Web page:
“Tollense looks like a first step toward a way of life that is with us still. From the scale and brutality of the battle to the presence of a warrior class wielding sophisticated weapons, the events of that long-ago day are linked to more familiar and recent conflicts. “It could be the first evidence of a turning point in social organization and warfare in Europe,” Vandkilde says.”

In the centuries following, such things as the violent Greek epics would be produced. This would lead the way into the Axial Age. New kinds of civilizations arose. Besides the Greeks, one of the new societies were the Celts whose culture spread across much of Europe and Britain. Then came the empires that are most familiar to modern people. Much change happened from the Ice Age forward into the ancient world.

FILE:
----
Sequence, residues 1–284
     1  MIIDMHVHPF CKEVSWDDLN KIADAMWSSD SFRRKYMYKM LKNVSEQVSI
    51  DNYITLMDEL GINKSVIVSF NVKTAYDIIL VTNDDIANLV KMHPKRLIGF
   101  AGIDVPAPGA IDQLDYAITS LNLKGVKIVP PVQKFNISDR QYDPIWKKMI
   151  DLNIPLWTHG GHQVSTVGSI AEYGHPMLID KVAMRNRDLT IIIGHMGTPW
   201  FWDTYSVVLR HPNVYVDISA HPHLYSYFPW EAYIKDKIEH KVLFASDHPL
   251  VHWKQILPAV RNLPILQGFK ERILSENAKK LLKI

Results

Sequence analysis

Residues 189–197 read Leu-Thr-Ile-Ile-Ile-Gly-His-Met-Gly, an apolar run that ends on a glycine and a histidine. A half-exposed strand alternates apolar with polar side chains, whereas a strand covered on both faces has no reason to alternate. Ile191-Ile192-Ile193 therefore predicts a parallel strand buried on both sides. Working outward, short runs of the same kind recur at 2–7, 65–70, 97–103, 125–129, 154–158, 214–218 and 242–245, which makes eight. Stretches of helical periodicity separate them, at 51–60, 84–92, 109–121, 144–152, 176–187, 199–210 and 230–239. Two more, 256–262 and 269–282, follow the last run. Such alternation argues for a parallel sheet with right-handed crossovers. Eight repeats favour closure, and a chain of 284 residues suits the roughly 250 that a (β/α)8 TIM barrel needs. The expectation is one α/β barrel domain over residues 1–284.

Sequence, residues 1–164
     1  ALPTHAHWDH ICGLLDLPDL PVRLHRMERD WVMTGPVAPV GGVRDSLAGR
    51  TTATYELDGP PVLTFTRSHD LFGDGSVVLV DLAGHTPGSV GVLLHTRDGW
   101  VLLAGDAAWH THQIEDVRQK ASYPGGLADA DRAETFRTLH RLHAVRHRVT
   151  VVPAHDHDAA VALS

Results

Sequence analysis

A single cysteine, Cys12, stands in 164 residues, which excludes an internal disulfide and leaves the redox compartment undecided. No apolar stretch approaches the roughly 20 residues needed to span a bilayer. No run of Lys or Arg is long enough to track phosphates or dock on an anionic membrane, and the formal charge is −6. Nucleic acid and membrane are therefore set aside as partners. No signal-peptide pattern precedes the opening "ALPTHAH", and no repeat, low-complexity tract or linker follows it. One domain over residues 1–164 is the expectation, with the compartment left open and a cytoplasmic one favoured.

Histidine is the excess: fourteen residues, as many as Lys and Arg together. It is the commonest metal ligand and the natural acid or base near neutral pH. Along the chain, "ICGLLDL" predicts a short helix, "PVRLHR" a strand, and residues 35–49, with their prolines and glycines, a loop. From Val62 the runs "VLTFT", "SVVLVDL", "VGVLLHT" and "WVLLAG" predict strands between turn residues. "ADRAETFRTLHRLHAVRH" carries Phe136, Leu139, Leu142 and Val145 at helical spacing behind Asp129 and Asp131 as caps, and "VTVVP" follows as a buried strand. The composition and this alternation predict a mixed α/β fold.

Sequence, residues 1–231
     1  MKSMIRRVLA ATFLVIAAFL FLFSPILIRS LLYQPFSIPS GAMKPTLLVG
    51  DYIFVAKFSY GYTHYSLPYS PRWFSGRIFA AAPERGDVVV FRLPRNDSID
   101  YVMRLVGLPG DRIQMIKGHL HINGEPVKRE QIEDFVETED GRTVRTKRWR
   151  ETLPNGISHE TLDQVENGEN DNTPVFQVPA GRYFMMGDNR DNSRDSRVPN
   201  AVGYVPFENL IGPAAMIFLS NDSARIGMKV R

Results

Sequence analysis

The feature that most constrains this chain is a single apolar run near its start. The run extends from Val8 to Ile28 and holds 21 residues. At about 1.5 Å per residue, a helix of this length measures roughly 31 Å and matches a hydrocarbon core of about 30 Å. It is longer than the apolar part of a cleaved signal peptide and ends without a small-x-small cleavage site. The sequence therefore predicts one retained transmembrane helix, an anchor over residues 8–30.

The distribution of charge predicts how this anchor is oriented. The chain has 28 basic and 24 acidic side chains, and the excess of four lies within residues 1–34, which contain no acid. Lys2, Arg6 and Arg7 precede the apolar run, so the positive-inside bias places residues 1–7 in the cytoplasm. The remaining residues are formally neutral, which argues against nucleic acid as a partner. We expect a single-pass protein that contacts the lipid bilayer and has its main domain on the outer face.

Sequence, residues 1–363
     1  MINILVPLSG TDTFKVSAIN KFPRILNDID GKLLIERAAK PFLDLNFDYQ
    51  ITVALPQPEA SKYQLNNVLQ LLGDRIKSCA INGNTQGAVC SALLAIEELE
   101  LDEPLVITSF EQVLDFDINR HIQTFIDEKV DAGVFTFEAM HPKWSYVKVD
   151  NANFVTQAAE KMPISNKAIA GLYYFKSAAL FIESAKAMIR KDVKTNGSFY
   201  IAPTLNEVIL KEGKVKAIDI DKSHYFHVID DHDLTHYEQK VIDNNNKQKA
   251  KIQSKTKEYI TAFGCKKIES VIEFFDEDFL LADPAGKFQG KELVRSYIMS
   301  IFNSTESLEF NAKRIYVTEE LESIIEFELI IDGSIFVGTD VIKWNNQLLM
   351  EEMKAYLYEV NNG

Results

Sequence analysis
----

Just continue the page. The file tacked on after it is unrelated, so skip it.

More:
It’s hard to comprehend what motivated this transformation. Certainly, the ending of the ice age offered new opportunities. Even so, there were humans in Europe during and before the Ice Age. Those prior people didn’t build anything that we know of nor did they feel inspired to have large battles. Part of it, of course, was simply the increase size and concentration of the human population. When large numbers of people are brought together in close proximity, it does seem to lead to more innovation and conflict.